Addressing Fraud Risk in Public Sector Organisations: A Theoretical Underpinning
This explanatory study uses desktop and library methodology to explore and present the existing literature on fraud and how it can be mitigated in the public sector. The paper finds that fraud— substantially motivated by pressure, opportunity and rationalization—presently causes an average loss of 5% of typical organization’s annual revenue, in addition to massive hidden costs. It further identifies ubiquitous frauds areas in public sector organisations, namely: benefit, procurement, tax payroll, accounting and litigation, pension and national health services, students finance and council tax fraud. It reveals the “Big 5’ fraud in this context to include asset misappropriation, procurement fraud, bribery and corruption, human resources fraud and accounting fraud. The paper documents pervasive fraud preventive controls to include creation of anti-fraud risk culture through fraud policy and code of conduct; general, physical and computer based fraud controls; employment screening and third party due diligence; fraud and misconduct risk assessment; fraud and ethics awareness training and accountability; and defining fraud roles and responsibilities. The common detective methods of detecting fraud include the use of tips, bank reconciliation, whistle blowing programs, audits and reviews, job rotation and mandatory leave. The results infer that fraud can be mitigated through effective anti-fraud controls. It urges public sector entities to develop and implement an instutionalised fraud risk management system, and calls for empirical studies of this nature.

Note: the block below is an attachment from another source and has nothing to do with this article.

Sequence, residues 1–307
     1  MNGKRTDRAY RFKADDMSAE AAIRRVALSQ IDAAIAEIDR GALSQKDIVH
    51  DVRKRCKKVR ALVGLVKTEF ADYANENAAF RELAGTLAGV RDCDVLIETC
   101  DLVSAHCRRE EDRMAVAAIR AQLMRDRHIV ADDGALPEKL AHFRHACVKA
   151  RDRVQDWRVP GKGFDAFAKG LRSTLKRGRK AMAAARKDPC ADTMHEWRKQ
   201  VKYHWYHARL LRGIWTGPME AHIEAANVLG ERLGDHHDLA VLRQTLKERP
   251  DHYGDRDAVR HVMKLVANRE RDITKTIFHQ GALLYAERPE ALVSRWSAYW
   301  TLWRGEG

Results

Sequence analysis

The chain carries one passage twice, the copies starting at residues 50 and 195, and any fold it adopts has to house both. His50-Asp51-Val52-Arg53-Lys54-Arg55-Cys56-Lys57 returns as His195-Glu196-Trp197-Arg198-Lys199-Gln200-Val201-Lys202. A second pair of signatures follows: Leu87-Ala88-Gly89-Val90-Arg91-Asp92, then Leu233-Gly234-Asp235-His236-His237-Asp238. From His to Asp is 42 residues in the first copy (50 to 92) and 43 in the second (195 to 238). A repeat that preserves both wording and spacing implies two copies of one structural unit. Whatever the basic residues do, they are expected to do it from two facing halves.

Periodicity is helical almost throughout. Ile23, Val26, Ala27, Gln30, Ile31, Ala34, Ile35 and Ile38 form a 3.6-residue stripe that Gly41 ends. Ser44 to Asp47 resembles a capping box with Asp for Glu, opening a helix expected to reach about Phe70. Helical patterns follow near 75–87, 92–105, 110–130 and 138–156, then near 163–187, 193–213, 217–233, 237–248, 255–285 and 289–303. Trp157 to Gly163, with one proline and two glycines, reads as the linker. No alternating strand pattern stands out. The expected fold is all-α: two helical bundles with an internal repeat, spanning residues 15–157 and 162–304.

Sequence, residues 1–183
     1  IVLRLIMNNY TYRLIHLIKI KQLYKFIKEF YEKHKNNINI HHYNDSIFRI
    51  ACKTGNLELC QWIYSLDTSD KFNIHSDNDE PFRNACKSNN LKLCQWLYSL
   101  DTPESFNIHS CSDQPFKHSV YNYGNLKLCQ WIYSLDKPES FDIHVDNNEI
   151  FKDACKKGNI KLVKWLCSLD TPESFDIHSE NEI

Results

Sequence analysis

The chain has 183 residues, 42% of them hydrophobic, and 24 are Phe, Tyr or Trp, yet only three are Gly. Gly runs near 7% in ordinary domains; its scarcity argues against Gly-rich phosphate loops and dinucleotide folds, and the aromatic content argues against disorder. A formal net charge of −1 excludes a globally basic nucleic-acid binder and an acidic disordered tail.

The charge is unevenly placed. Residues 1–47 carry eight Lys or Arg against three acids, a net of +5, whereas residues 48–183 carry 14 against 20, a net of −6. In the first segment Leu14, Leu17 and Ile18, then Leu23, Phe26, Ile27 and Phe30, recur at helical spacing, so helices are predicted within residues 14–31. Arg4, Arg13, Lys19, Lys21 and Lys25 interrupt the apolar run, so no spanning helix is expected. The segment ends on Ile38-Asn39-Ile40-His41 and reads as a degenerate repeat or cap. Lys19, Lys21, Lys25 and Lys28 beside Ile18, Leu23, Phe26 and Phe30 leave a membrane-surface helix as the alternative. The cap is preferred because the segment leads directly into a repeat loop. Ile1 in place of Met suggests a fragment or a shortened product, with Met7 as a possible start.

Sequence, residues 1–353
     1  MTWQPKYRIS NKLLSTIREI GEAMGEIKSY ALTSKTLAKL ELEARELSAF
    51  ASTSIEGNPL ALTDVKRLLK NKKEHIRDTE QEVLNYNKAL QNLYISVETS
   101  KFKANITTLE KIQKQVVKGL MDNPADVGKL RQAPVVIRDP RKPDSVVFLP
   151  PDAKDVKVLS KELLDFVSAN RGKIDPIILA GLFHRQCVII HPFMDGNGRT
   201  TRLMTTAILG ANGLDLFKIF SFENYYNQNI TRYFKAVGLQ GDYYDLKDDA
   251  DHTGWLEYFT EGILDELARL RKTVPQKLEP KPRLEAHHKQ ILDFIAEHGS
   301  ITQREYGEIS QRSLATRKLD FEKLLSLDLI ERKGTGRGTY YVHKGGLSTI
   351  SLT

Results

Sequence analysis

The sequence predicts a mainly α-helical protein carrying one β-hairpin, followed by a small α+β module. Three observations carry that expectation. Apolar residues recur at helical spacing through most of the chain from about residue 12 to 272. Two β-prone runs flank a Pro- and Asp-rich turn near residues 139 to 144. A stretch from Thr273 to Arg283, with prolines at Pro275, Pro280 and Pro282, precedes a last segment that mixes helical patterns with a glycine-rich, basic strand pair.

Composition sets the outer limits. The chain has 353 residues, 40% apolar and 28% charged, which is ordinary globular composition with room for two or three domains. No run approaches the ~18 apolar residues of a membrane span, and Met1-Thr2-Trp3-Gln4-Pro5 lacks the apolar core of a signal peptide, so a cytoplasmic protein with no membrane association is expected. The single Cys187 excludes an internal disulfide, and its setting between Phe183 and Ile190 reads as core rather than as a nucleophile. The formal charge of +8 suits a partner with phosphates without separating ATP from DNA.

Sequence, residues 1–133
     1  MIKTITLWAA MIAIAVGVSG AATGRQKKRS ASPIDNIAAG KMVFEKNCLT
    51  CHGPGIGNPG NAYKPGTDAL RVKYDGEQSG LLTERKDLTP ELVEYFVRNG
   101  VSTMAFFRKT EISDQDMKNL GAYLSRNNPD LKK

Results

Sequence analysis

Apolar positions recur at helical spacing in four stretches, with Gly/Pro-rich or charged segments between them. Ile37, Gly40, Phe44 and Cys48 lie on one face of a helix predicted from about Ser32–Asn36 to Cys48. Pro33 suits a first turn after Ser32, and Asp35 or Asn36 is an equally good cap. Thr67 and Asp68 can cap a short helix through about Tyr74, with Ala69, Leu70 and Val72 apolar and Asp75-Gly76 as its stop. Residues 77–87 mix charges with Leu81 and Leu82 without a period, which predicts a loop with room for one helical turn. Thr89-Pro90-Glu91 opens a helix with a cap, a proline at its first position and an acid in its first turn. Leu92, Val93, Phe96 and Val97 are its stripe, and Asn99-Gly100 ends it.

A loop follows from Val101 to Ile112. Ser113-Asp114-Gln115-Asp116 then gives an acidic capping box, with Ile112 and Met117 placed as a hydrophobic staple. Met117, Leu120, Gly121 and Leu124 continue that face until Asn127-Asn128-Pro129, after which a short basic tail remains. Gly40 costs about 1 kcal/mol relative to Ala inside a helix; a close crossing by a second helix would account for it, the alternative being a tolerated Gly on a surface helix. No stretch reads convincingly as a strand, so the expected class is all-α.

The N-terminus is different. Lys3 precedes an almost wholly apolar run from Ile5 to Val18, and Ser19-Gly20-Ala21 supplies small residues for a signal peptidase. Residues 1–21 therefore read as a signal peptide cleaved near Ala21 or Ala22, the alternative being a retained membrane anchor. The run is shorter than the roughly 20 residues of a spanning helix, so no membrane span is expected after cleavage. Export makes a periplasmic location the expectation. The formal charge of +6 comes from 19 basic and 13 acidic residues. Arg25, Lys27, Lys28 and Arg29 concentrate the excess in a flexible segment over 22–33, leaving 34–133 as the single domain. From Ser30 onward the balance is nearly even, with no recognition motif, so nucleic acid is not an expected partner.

Key words: fraud, fraud risk, public sector organisation, anti-fraud program, internal controls.
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